The global economy includes a forecast of slowing growth in the US – What recession?


Outlook: The news calendar is pretty light today, giving us only mortgage applications, April trade and consumer credit. Oh, yes, and UK PM Sunak meets with Pres Biden ansd will be asking (again) for some special trade relationship. 

The big question today is whether the Bank of Canada will follow the RBA and halt the pause in hiking, a pause that started in January, and resume hiking at today’s policy meeting. We get the news around 10 am. Whatever the decision, it’s unlikely to have any effect on the Fed, which is resolute in sticking to its “transparency” in messaging. That is skipping a hike in June but resuming hikes in July. That’s the story and the Fed is likely to stick to it.

Of all the mishmash of noisy data, this time the OEC manages to make some news, even if it’s not getting headlines. Earlier today its forecasts for the global economy includes a US forecast of growth at 1.6% in 2023. Growth will slow to 1% in 2024. What recession?

The eurozone will get 0.9% this year and 1.5% in 2024. China will accelerate to 5.4% this year and 5.1% in 2024. 

“The OECD also noted that downside risks persist, including uncertainty over the evolution of the war in Ukraine, persistence of inflation, while some of the favourable conditions that helped to reduce energy demand this year, like a mild winter in Europe, may not be repeated next year” (Trading Economics).

We get another GDPNow from the Atlanta Fed. On June 1 it had growth at 2%, with the Blue Chip consensus rising slowly toward 1%.

Following up on the idea of growth leading currencies, Bloomberg has an article today defending the supremacy of the dollar that contains some juicy data. “Construction spending by manufacturers in the US has more than doubled in the past year, reaching an annual rate of almost $190 billion in April, according to Ben Holland and Alex Tanzi of Bloomberg News, who cite Census Bureau data. Manufacturing now accounts for about 13% of all non-government construction, the highest share on record in a data series stretching back to the early 1990s, they report. Intel Corp. is investing about $20 billion to build a chip fabrication plant in Ohio and Ford Motor Co. broke ground last year on a Tennessee factory that will make electric trucks.”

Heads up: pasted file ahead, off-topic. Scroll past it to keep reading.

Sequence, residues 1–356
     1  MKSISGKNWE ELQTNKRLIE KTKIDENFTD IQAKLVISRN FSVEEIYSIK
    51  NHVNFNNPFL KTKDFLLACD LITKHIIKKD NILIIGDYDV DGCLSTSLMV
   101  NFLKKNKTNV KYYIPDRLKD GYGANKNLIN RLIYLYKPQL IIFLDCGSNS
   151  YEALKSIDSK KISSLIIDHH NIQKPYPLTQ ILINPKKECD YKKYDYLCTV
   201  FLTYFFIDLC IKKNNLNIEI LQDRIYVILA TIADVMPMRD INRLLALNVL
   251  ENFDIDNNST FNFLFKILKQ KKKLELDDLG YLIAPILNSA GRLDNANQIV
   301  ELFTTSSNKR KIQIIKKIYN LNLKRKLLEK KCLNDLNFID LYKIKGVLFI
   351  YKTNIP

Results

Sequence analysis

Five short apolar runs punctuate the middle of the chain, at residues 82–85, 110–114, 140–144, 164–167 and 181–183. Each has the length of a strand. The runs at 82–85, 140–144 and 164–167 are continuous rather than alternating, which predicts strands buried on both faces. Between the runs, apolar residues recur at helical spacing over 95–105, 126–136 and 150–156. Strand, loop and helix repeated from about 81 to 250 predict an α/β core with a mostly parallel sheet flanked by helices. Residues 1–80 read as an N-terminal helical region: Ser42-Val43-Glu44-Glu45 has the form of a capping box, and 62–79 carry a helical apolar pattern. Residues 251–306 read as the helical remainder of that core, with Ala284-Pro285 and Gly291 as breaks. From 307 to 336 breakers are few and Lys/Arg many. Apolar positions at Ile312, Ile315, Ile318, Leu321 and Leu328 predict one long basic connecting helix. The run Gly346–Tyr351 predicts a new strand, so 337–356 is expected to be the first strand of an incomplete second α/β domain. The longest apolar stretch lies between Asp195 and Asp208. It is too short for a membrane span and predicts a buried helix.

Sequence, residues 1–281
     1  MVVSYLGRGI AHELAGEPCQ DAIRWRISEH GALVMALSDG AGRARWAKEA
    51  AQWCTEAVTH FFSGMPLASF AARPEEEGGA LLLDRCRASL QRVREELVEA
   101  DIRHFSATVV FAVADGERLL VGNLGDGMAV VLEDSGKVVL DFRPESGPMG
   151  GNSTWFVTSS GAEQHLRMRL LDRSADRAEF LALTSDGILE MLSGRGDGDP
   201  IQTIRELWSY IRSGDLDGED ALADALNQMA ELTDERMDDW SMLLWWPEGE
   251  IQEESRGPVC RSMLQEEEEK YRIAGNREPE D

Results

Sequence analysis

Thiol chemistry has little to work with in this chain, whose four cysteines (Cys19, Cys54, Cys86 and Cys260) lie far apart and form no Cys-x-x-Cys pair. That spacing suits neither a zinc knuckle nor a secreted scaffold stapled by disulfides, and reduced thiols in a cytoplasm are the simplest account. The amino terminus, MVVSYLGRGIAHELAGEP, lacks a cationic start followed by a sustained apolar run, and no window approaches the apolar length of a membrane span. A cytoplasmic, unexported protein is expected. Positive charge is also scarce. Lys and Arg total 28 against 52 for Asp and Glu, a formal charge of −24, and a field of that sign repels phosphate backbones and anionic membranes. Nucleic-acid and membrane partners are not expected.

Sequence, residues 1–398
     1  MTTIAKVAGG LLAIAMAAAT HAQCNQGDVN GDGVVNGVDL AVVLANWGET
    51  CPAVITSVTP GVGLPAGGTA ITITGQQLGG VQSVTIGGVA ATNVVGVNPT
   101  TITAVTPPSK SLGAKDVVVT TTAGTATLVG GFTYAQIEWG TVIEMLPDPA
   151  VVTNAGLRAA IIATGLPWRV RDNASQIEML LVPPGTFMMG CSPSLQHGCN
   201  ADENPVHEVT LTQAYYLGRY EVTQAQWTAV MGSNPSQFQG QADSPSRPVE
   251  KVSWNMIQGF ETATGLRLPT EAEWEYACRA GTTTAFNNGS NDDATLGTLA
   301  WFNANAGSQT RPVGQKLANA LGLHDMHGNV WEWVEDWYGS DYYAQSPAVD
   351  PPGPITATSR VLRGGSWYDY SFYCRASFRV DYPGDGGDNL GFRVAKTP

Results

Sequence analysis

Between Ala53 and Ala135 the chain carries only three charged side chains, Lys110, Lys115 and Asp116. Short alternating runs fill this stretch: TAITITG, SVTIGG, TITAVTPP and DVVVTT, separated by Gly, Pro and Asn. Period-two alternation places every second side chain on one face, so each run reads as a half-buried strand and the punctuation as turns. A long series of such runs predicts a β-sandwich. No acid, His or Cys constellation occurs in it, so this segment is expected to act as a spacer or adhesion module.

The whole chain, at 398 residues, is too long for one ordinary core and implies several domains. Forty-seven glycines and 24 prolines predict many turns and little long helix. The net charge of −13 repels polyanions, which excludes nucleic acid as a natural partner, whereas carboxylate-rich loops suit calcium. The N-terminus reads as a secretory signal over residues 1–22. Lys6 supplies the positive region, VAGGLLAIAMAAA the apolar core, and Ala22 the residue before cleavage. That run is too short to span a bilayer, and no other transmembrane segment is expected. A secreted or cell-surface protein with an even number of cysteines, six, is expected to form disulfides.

Then there is that de-dollarization hype. Not happening. See the chart showing the dollar’s share of global payments still up there. The report names a Citibank essay on Friday claiming that AI is drawing in global capital to the Nasdaq, up about 33% so far this year. Contrary to the consensus, stocks are outperforming bonds.

Buried in the text is the observation that some of the dollar’s resilience has to do with the higher interest rates investors can get in the US. The current Fed benchmark is 5.25% (and the CME FedWatch tool has 52.5% expecting a 25 bp bump at the July meeting). The eurozone has 3.25%. The UK has 4.5%. Japan has -0.10%. Back in the 1980’s, relative rates were the driver. They may be coming back. When the Fed does finally signal it’s through, then we can re-evaluate. 

Forecast: The dollar is up a little or down a little, but the overall trajectory is up. Barring an unhappy Surprise or Shock, it can go further, too.

This is an excerpt from “The Rockefeller Morning Briefing,” which is far larger (about 10 pages). The Briefing has been published every day for over 25 years and represents experienced analysis and insight. The report offers deep background and is not intended to guide FX trading. Rockefeller produces other reports (in spot and futures) for trading purposes.

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